Lucio Fontana (1899-1968), Spatial Concept, c. 1964. 45 x 16.8 x 16.8 cm. © Bernd and Eva Hockemeyer Collection
LONDON.- The Estorick Collection of Modern Italian Art presents the exhibition Terra Incognita: Italy’s Ceramic Revival from 30 September to 20 December 2009. This is the first time that the Hockemeyer Collection has been exhibited in the UK and promises to be a revelation to modern art and ceramic enthusiasts alike.
The Bernd and Eva Hockemeyer Collection of 20th century Italian ceramics has been formed over the past twenty-five years as an expression of the collectors’ interest in Mediterranean – and especially Italian – art from antiquity to the present day. Although individual pieces have been exhibited before, this is the first time that such work has been the subject of an exhibition in Britain. It presents a selection of some fifty key works dating from the late 1920s to the mid 1980s by twenty-three of Italy’s most celebrated artists and ceramists including sculptors such as Arturo Martini, Marino Marini, Lucio Fontana, Fausto Melotti, Leoncillo Leonardi and Giuseppe Spagnulo, the painters Roberto Crippa, Gianni Dova and Emilio Scanavino and ceramic masters Pietro Melandri, Guido Gambone, Marcello Fantoni, Pompeo Pianezzola and Carlo Zauli.
The works on show – sculptures, panels, vases and plates – illustrate sixty years of Italian artistic development in the historic medium of clay. The exhibition presents a wealth of different styles, aesthetic ideas and concepts, underlined by the diversity of techniques and scale of the objects on show: terracotta, maiolica and lustrewares ranging in size from a girl’s head by Marino Marini (only 21.6 cm high) to the suspended maiolica sculpture of 2.16 meters by Salvatore Meli, which was presented at the XXIX Venice Biennale in 1958.
The exhibition begins with early classical works by Italy’s most important sculptors of the first half of the 20th century: Marino Marini and Arturo Martini. The latter was represented by works in terracotta at the seminal exhibition XX Century Italian Art at MoMA, New York, in 1949. The exhibition shows works of the same period by the ceramist Pietro Melandri who, with outstanding technical expertise, created both prestigious decorative art objects and sculptures, winning the Grand Prix for Sculpture at the 1937 Paris World Exhibition.
Another important period in Italy’s 20th century ceramic history is extensively represented by the many works of Lucio Fontana dating from the 1930s to the 1960s. The Hockemeyer Collection boasts some of his early figurative and neo-baroque sculptures in terracotta and maiolica from 1931 and 1936, as well as a range of his famous Concetti spaziali which the artist first executed in ceramic in 1959 before he transferred the concept to canvas.
The exhibition also includes works by the sculptor Leoncillo Leonardi, charting the passage from his neo-Cubist period of the late 1940s to his participation in Italy’s explosion of Arte Informale, which was to have considerable influence in Europe and America. His large-scale San Sebastiano Bianco (White Saint Sebastian) (1962) makes a particular impact in its merging of Informale aesthetics with the ‘cut’ – a central element of Fontana’s theory of the Concetto spaziale. Works such as these occupied a central position in Leoncillo’s one-man show at the XXXIV Venice Biennale in 1968.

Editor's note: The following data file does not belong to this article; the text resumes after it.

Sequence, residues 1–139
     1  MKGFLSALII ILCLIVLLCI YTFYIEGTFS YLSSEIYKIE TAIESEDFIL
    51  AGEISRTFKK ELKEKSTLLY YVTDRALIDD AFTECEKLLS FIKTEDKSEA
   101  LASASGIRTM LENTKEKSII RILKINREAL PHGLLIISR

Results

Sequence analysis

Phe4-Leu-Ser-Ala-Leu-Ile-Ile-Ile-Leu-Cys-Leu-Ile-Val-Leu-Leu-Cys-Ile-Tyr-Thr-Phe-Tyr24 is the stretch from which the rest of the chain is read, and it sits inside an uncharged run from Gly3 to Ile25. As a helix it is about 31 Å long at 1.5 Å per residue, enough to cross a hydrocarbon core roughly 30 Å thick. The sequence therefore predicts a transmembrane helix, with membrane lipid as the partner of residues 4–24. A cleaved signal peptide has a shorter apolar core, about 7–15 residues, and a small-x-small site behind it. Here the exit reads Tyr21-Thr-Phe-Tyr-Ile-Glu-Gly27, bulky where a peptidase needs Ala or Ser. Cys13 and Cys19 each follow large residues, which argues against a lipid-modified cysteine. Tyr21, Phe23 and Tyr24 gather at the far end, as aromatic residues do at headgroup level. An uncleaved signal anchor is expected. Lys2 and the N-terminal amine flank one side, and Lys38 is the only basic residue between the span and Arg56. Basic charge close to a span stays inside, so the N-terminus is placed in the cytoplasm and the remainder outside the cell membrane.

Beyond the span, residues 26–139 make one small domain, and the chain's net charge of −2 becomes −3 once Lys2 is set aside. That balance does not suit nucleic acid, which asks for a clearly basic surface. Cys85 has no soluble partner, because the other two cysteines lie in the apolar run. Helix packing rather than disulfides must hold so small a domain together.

The works of Fontana’s lifelong friend Fausto Melotti, on the other hand, reflect an entirely individual sculptural approach to the material, exploring the technical limits of manipulating the textural qualities of clay, glazes and firing techniques in pursuit of poetic, formal compositions.
The explosion of Arte Informale in post-war Italy was only one of many creative outbursts that encouraged experimentation in ceramics by artists and artisans alike, resulting in new forms of – and decoration on – the classical vase or plate. One of the galleries will focus on pieces from the 1950s by ceramists such as Guido Gambone and Leandro Lega, whose work was strongly inspired by Italian and international contemporary art. Of great interest are the works of Salvatore Meli and Giuseppe Civitelli, whose painterly abstraction was influenced by the conceptual and aesthetic ideas proclaimed by such groups as Forma I and Gruppo Origine, internationally known through their main protagonists, the painters Giuseppe Capogrossi and Piero Dorazio.
Also in this section are Marcello Fantoni’s modern interpretations of the vase-object which excel in their originality, merging the angular shapes typical of the period with elements that appear reminiscent of the Etruscans or other pre-historic civilizations.
This extraordinary selection of works from the Hockemeyer Collection illustrates the great affinity with the materiality of clay that distinguishes Italy’s artistic panorama of the inter-war and post-war period from those of other European countries during the same era. At a time when many contemporary artists use clay as a means of expression to push the established academic boundaries between art, craft and design, this exhibition represents a long overdue consideration of Italy’s 20th century ceramic culture which, at its high point, was distinguished by a contempt for the divisions between the fine and decorative arts.